Advertise on Bikeforums.net



User Tag List

Page 1 of 2 12 LastLast
Results 1 to 25 of 30

Thread: Paving Question

  1. #1
    Senior Member TromboneAl's Avatar
    Join Date
    Jun 2008
    Location
    Far, Far Northern California
    My Bikes
    1997 Specialized M2Pro
    Posts
    2,776
    Mentioned
    2 Post(s)
    Tagged
    0 Thread(s)

    Paving Question

    Part of one of my main routes has been repaved. I guess they put down some tar type stuff, then covered it with fine gravel. Much of the gravel is still loose. It's pretty much unrideable now.

    Will they come back and remove the excess gravel? Is there any point in complaining?

    Thanks,
    My Book: Drive, Ride, Repeat: The Mostly-True Account of a Cross-Country Car and Bicycle Adventure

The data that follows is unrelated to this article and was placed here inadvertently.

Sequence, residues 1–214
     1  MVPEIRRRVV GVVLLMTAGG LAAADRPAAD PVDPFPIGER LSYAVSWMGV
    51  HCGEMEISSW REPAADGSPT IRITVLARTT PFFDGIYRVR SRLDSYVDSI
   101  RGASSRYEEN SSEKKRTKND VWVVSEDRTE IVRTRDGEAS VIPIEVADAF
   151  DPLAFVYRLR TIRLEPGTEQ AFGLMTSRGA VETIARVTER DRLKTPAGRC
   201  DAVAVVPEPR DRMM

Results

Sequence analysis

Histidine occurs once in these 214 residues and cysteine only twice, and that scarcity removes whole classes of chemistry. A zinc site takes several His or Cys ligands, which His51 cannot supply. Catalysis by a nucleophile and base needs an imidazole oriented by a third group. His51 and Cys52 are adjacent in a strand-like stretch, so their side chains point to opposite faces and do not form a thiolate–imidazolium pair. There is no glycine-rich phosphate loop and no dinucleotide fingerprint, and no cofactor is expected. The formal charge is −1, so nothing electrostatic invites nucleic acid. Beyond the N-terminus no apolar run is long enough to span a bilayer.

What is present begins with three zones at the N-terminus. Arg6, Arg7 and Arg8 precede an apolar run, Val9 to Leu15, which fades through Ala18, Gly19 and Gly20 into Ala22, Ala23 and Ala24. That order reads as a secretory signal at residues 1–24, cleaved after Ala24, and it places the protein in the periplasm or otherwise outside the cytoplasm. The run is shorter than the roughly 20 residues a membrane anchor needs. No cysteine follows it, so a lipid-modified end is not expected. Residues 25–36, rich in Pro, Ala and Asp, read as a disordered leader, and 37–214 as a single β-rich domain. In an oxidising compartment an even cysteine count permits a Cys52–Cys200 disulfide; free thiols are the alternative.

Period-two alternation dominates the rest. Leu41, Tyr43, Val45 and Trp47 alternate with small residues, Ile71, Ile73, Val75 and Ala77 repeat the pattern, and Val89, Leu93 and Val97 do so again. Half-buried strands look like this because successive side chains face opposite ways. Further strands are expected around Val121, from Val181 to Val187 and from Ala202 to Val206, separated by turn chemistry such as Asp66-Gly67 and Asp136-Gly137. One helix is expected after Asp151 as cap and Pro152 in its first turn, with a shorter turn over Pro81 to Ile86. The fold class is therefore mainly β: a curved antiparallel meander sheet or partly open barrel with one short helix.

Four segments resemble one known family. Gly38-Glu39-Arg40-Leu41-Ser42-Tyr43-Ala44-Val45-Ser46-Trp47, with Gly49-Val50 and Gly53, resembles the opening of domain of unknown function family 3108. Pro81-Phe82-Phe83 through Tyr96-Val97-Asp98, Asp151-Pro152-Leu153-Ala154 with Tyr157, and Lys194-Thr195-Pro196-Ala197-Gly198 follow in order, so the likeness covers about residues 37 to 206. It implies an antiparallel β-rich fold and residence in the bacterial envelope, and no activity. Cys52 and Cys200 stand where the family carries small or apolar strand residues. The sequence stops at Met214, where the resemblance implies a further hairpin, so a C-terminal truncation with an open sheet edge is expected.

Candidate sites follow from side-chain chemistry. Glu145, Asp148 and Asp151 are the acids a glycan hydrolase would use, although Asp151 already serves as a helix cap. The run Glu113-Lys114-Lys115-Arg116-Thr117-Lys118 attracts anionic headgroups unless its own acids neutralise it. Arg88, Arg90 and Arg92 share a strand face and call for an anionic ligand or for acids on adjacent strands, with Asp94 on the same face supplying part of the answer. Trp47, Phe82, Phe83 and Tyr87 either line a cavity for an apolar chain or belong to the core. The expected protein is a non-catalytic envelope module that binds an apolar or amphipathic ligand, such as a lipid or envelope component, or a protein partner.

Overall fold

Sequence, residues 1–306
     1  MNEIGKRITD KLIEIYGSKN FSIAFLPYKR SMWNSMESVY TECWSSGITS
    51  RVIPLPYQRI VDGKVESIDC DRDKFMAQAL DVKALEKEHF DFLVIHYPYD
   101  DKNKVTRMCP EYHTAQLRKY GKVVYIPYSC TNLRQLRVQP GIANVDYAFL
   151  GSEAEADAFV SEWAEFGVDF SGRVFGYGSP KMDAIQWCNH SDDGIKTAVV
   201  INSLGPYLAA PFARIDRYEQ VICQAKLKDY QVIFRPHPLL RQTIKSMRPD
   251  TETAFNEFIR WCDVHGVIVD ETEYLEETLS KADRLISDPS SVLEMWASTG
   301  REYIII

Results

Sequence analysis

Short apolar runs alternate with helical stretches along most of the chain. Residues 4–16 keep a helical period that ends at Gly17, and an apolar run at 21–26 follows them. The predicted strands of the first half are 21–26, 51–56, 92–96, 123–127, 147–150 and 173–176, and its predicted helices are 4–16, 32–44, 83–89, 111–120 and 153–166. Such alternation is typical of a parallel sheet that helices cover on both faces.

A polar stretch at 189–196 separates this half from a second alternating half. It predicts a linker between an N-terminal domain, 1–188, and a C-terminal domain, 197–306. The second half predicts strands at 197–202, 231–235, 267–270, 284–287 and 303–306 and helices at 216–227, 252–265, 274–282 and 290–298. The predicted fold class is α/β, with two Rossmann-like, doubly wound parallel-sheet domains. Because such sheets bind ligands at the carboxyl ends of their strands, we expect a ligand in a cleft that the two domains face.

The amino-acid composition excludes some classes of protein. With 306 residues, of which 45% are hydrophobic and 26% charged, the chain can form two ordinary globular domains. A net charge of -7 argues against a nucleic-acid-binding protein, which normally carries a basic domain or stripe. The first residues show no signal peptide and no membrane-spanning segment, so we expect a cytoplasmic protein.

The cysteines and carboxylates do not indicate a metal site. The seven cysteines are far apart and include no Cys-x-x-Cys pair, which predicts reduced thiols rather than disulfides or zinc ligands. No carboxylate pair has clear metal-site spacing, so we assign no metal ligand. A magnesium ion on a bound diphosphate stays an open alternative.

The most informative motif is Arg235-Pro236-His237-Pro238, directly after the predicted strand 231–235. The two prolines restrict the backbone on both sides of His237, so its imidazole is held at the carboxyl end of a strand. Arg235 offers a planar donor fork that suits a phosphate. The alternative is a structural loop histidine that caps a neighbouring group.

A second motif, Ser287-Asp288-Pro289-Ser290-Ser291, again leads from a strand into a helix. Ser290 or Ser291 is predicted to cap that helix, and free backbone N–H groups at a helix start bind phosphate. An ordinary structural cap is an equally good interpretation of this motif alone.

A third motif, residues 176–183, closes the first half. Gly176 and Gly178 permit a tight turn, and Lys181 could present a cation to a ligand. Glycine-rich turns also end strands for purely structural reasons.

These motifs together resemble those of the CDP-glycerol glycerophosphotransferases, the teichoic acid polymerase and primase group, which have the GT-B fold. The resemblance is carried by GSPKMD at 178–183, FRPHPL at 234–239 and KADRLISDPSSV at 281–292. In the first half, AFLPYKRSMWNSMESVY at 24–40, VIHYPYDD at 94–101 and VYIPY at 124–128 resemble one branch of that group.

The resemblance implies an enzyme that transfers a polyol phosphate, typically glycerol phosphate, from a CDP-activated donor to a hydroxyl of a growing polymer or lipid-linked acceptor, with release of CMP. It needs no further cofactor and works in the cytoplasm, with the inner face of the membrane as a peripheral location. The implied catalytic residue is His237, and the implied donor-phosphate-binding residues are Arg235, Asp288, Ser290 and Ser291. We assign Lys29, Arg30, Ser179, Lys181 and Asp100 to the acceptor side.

2. #2
    ES&D t4mv's Avatar
    Join Date
    Oct 2006
    Location
    Roadieville, USA
    My Bikes
    3Rensho, Merlin XL, Melton custom, Michael Johnson tandem, Look 481SL, Pedal Force RS
    Posts
    1,370
    Mentioned
    0 Post(s)
    Tagged
    0 Thread(s)
    Sounds like you're describing chipseal. All the times I've ever seen it done, the gravel layer gets left on there, and cars driving over it eventually get it removed to the side or wherever it goes off to. Maybe give it a few weeks and you'll feel comfortable riding on it again?

  3. #3
    Senior Member BengeBoy's Avatar
    Join Date
    Jul 2007
    Location
    Seattle, Washington, USA
    My Bikes
    2009 Chris Boedeker custom, 1988 Tommasini Prestige, 2007 Bill Davidson custom, 1985 Univega Gran Turismo; 1988 Specialized Stumpjumper
    Posts
    6,923
    Mentioned
    0 Post(s)
    Tagged
    0 Thread(s)